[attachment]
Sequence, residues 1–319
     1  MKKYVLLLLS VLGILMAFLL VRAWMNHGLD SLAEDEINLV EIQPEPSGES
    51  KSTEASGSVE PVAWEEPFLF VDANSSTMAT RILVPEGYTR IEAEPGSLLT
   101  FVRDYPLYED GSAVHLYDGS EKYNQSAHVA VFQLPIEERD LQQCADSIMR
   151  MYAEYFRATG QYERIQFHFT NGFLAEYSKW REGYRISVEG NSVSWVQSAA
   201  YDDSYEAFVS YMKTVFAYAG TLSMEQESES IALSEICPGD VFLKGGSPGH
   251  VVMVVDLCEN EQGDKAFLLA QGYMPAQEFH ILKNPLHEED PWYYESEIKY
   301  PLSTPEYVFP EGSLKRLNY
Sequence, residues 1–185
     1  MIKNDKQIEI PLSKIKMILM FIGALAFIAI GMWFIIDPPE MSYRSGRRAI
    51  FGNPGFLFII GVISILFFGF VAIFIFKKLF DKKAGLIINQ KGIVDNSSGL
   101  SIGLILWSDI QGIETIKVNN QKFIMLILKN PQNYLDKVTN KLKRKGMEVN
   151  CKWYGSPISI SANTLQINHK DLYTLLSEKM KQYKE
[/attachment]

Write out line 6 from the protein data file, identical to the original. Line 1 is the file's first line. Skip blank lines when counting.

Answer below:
   201  YDDSYEAFVS YMKTVFAYAG TLSMEQESES IALSEICPGD VFLKGGSPGH